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artists reconstruction of elsyng palace highlighting the inner gatewayAn artist's reconstruction of Elsyng Palace. This year Enfield Archaeological Society will be focussing efforts on finding remains of the inner gateway (ringed in red)

Archaeological work at the site of a Tudor royal palace in Enfield restarts next month. There will be opportunities to join in the "dig" and also to act as oral historians by interviewing people involved in the project or by helping film the interviews. Also during July there will be family days at the site of the palace and a definitive archaeological and historical study will be published.

What and where was Elsyng Palace?

Elsyng Palace was situated within what are now the grounds of Forty Hall. It became a royal palace in 1539 and was one of the homes of Elizabeth I, but it remains almost unknown to people in Enfield, despite the excavations and research that have been carried out by Enfield Archaeological Society (EAS) since the 1960s. Hopefully, EAS's participation in the Stories of Enfield programme, the family days, a new film and the new book will help spread awareness of this historic site in the north of our borough.

Drop in to the EAS family days and discover your local Tudor palace

poster advertising Elsyng Revealed event on 16 and 17 July 2022On 16th and 17th July EAS will be running a drop-in family event - two days of activities for families and friends to introduce you to Elsyng Palace and the Tudors who built and lived in it. It will include a mini dig, finds identification, displays, quizzes and craft activities and you'll be able to talk to the archaeologists and watch them dig. At 12.30pm and 2.30pm blue badge guide Sue Grayson-Ford will be leading a tour of the site.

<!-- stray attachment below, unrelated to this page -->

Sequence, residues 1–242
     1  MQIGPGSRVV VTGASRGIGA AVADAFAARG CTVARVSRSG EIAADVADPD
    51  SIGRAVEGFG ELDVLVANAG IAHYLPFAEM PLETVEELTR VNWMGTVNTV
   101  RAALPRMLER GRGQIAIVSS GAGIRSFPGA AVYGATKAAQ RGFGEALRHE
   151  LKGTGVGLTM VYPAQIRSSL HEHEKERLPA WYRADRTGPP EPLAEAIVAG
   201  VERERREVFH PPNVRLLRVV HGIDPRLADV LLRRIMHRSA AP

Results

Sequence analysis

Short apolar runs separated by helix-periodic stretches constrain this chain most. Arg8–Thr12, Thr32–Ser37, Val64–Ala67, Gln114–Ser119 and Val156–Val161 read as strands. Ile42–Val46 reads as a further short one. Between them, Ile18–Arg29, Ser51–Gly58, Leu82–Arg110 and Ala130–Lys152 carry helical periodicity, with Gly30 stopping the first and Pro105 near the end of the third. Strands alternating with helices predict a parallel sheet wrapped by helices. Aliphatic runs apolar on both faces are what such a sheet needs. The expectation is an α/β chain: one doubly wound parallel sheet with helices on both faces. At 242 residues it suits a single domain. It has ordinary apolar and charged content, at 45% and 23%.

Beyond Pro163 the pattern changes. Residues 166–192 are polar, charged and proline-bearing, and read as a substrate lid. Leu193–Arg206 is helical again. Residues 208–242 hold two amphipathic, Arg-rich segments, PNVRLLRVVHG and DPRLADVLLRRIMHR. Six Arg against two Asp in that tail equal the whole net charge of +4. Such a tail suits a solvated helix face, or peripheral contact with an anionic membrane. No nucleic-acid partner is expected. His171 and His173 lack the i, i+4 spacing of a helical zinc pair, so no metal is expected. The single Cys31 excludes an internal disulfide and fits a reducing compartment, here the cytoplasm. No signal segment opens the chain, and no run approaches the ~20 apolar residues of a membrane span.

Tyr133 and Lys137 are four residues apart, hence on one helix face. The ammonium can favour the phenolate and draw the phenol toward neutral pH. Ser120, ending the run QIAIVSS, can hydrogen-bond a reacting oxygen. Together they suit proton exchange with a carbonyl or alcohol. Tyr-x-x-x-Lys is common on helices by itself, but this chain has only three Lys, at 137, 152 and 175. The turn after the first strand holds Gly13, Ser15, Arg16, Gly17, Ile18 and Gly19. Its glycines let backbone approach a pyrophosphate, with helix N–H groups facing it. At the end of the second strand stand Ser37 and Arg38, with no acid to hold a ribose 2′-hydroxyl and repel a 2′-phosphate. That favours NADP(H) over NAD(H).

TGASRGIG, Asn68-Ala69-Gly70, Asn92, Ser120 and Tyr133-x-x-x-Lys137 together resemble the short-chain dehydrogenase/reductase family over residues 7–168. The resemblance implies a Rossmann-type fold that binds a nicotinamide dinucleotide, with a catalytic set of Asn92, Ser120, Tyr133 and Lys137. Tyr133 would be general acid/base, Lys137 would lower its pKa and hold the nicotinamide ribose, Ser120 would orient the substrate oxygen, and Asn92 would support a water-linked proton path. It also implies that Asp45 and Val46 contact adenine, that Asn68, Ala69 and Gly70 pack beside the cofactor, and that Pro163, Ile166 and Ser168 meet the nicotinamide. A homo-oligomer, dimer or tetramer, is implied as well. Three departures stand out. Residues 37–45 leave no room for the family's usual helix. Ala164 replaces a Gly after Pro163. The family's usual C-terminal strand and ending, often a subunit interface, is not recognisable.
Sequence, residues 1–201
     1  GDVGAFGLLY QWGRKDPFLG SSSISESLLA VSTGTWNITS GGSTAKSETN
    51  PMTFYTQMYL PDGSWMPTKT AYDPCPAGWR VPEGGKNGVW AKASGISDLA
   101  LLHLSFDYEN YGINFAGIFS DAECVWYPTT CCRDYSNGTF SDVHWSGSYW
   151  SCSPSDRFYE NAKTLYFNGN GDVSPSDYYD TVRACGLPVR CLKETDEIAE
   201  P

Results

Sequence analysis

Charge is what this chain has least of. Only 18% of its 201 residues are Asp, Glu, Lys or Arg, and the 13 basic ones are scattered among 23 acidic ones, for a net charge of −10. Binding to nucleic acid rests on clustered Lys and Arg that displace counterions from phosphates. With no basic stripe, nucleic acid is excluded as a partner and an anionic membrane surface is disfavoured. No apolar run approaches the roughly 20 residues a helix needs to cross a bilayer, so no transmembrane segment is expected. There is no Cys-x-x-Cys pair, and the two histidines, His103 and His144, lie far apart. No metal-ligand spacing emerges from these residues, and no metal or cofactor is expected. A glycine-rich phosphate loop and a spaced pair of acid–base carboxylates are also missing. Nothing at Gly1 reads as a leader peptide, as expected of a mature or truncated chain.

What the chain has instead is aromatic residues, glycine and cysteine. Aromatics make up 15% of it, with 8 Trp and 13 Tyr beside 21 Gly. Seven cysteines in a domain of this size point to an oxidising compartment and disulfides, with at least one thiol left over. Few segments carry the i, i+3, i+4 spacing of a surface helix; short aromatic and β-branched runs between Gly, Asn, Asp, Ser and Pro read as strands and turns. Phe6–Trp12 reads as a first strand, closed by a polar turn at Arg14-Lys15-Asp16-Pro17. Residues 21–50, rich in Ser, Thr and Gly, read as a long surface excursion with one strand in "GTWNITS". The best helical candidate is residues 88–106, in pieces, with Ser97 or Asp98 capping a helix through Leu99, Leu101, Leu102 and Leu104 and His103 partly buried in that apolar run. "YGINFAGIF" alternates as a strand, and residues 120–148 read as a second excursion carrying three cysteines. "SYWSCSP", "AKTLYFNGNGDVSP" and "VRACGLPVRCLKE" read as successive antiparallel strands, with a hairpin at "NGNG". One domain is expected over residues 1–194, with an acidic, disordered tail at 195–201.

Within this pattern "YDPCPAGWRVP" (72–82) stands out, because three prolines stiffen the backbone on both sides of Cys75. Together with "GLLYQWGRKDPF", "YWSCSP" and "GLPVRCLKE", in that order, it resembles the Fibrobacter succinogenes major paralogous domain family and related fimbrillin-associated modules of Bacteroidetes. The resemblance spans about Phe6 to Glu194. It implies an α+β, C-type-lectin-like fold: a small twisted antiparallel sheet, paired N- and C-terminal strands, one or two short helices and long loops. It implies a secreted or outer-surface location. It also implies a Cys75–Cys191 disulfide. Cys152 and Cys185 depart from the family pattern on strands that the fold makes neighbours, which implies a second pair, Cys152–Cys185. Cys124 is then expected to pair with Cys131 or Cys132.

Join in the dig

This year's digging season runs from 10th to 24th July (no dig on the 18th). It will be a once-in-a-lifetime chance to discover Enfield’s heritage, working alongside professional archaeologists and fellow community members, so if you're interested in joining in the dig, even for just a day, or a half-day, please contact as soon as possible.

Anyone over the age of 16 can join in, providing that they first become members of the Society - this is so that they will be covered by the insurance policy. The annual fee is £11, but it may be possible to reduce this price. No previous experience is required. You can find out more about joining in the dig on the EAS website.

enfield archaeological society members during a digA "dig" in progress

Become an oral historian, helping interview people and making a film

EAS put in a successful bid to run one of Enfield Council's Stories of Enfield projects, which are being financially supported by the National Lottery Heritage Fund and the Enfield Society. The core of the Elsyng Revealed project will be the professionally led excavation in July 2022, whose participants will include experienced archaeologists, university and college students and volunteers from the borough - see above. There will also be training sessions for participants.

A film will be made from which a virtual tour of the palace will be developed. It will include interviews with EAS members, including some veterans from 1960s digs. EAS expect to be interviewing ten or more people, so help in doing the interviewing will be appreciated. Two members of EAS have been trained in oral history techniques at the University of Hertfordshire and are happy to pass on what they learnt to new volunteers. If you're interested and have good listening skills, are interested in people's stories and in archaeology, please get in touch with EAS as soon as possible via .

EAS will also need people to transcribe the content of the interviews and to film the interviews and the excavation work - again, please contact as soon as possible.

Coming soon: The definitive book about Elsyng Palace

Another red-letter day for the Society in July will be the publication of the definitive historical study and archaeological report on the Palace. Monarchs, Courtiers and Technocrats has been written by Martin J. Dearne with John and Neil Pinchbeck. This too forms part of the Stories of Enfield project and has received funding from the National Lottery Heritage Fund and Enfield Society. More details here once it's been published.

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For more about Elsyng Palace and this year's dig and open days, see this article in Enfield Dispatch .